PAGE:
Welcome to TONMO, the premier cephalopod interest community, and birthplace of #WorldOctopusDay and #CephalopodAwarenessDays. Founded in 2000, we are a large community of experts, hobbyists and enthusiasts, some of whom come together when we host our biennial conference. To join in on the fun, sign up. You can also become a Supporter for just $50/year to remove all ads and enjoy other perks. Follow us on Twitter for more cephy goodness.
you better make sure those snails wernt exposed to any sort of pesticide or other harmful chemicals. I wouldent see a proublem if you used food grade snails, like the ones used in escargot. but snails you find in your yard may not be the best bet.
Personally I wouldn't (yep Jean's on the soapbox AGAIN!). You have no idea if these snails have been in contact with copper, pesticides etc, plus they may have totally different nutrient values than marine snails. Then there is the problem of parasites..........yes I know that marine critters have parasites too, but most marine animals can, to some degree, deal with a parasite load of MARINE parasites, I'm not sure how they'd deal with terrestrial ones. My basis for concern is this, for many years our aquarium had a Tuatara (a sphenodont reptile) which was, for a treat, occasionally, given a rock pool fish, now most of these fish carry small flukes which don't bother them much, but they made Toots VERY ill and may in the long term have contributed to her death.........we have never given freshwater to marine or terrestrial to marine or vice versa since......it's simply too risky.
Ok well I am happy to say I can put your mind at rest on a few things. Digenetic trematodes and the like are an interest of mine and a justification for spending so much on a microscope. So trust me I did a thorough check.
Also in a very convienient twist i have an old green house. Just clear plastic, but yea overgrown with strawberrys and capsicum. These are my captive stock. I got them trapped. As to food, well I get veges from the organic fruitshop here for my fish and birds. Snails seem happy with it. Population explosion plus.
Snails also don't seem to mind fish food, so yea I would give the chosen few of them a last meal or two of marine flake fish food.
Anyway ocky seemed happy, and my shell dweller keeping friends like the empty shells....
Breeding live feeders is always gonna be gross but snails aren't to bad.
easy and low tech, and if you keep them seperate you can always just throw away the collected parents and feed the growing kids off.
I like snails a lot more after getting to know octopus...... but yea as the lady said snails get a LOT of parasites. Bet if I mixed spirulina powder with a bit of crushed praziquantrel I could worm them though..... or kill them. Either way I have thousands more. Could march on paris with this army. Just wouldn''t be a lightning war is all.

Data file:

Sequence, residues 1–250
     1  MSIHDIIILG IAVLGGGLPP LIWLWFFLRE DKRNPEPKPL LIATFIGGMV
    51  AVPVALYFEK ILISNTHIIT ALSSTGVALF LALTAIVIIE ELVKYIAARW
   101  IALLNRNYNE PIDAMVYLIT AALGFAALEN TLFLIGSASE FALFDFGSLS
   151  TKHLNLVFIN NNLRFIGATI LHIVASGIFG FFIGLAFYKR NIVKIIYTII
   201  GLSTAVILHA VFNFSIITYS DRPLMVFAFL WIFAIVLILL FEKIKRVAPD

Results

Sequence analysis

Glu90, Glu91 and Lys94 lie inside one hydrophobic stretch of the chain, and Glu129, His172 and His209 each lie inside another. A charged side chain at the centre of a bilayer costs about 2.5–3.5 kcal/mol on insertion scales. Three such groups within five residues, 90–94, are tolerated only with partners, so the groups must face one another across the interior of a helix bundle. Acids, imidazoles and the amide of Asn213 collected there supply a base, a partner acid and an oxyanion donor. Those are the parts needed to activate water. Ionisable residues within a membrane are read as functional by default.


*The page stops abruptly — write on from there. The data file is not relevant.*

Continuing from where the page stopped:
Well........ I still wouldn't use them as a staple diet for an octopus, as a treat perhaps. Octopus do best on marine crustaceans, they are healthier, more active and grow better (the octopus that is ).
I agree it's probably not the best staple. In a way that sort of worked to my advantage, in that it may have helped keep the octopus smaller. Not begging for a flaming for talking about stunting here, although it may seem that way.... doh! I am curious about the relationship between growth and health. Can an octopus be truely healthy and yet not be recieving the food it needs for maximum growth?
I'm not a scientist here, just an advanced aquarist. For me I can see the benefit of a healthy diet for an (pet) octopus that resulted in a smaller animal in the long run.
Myself I have a 6X2X2 foot tank and that lets me go for maximum size possible. That means red crabs from my personal observations... kinda hard to weigh them every day to be sure...
If I could find a species of marine snail that would breed well a shallow salt pond is easy enuf, and I have plenty of experience turning them green. heh heh
Not sure why I am locked onto snails at the moment. Maybe because they are sensetive to many of the same toxins as octopus. If they are contaminated they are dead anyway in most cases.
All things in consideration though, your prob right about banishing them to the treat bin. Gonna play around with them for a bit, if I get a prob you guys will be the first to know.
As a strange side point, in the fish world it is usually preferable to feed freshwater fish saltwater feeders and saltwater fish get freshwater feeders. This is still working off the treat rules, not as a staple but anyway the reason is that it reduces the chance of a parasite in the feeder finding the new host suitable.
Anyway Jean, cheers for the convo. Has helped me plan out a few things that I had not really thought through. I may be writing like I got all the answers but here on the ground it's a different story! Personly I thought I had the feeder idea down with a breeding school of pacific blue eyes but octopuses can eat a lot more than I expected when they get large.
best pet ever